From the Editor

There's no use denying it; this summer has discouraged peace activists. The Non-Proliferation Review Conference went down in flames; they couldn't even arrive at a common statement at the end. Who could blame wannabe countries for concluding that this gave them a green light to develop their own arsenals? (Iran is apparently doing so, but China has induced North Korea to stop.)

The United Nations summit, which was to have reformed the institution, also failed -- though Kofi Annan has been putting a brave face on the situation and has started up the process again. Good for him!

The summer was hot and the hurricane season fierce. With oil prices so high, we have an inkling what lies ahead: "Peak Oil," and the conflict and readjustment that will come with it. Let's prepare.

In late August sad news came fom London -- the passing of the greatest of all campaigners against nuclear weapons, Sir Joseph Rotblat. One cannot really be surprised at the death of a 96-year-old man, but this particular one had seemed indestructible. He continued working with brilliance and personal generosity until nearly the end of his remarkable life. Everyone who met him must feel privileged to have known him.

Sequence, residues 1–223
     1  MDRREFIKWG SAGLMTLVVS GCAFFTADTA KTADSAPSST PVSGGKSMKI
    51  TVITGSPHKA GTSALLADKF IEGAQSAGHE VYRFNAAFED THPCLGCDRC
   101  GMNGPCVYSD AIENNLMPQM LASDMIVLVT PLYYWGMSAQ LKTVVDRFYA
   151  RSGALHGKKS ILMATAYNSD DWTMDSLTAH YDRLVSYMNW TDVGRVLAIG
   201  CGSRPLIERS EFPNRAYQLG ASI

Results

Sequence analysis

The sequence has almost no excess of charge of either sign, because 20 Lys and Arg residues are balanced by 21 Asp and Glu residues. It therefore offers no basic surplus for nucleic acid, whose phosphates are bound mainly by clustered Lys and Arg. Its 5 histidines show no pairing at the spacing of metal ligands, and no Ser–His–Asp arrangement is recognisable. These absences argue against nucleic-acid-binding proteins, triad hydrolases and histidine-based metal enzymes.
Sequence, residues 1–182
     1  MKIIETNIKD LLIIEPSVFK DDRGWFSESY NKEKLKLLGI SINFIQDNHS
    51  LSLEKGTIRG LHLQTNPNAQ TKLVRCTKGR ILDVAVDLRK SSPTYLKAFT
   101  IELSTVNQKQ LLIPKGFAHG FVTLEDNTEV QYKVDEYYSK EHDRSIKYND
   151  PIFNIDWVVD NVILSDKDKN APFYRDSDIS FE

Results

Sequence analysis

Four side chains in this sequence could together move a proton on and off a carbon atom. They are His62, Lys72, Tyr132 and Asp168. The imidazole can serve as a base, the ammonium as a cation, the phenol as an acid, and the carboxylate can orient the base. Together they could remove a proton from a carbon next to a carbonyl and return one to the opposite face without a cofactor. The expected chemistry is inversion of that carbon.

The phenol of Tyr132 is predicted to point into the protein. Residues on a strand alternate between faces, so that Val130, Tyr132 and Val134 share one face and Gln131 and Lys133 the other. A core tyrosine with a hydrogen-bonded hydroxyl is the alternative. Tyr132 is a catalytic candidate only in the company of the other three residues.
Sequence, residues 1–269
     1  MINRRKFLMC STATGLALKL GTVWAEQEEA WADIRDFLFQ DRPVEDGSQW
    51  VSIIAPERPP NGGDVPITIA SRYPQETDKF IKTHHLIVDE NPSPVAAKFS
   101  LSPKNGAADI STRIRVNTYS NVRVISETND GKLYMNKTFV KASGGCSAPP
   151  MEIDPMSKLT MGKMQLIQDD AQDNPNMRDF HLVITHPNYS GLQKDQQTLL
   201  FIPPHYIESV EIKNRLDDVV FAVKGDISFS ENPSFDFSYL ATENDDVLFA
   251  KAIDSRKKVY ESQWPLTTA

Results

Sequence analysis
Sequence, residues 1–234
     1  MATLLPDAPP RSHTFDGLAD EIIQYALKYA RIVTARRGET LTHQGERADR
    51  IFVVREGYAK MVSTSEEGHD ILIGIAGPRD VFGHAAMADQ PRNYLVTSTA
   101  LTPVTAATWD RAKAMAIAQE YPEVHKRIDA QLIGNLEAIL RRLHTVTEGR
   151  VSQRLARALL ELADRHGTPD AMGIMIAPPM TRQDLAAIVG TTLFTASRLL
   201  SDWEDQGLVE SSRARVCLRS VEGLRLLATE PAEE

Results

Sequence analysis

Yet there are plenty of inspiring people left among us. One of them is Jean Drèze, an economist working for poverty reduction in India. (He co-authored the famous research on famine with Amarya Sen.) Read his analysis of globalization and love in this issue. And in Toronto we're getting acquainted with the courageous American family of Jeremy Hinzman, a conscientious deserter from the U.S. Army, who will stay in Canada if the authorities here will let him. In these good activists we see the legacy of Einstein, Russell, and Joseph Rotblat.

If you crave yet more editorializing, see:

Peace Magazine Oct-Dec 2005

Peace Magazine Oct-Dec 2005, page 4. Some rights reserved.

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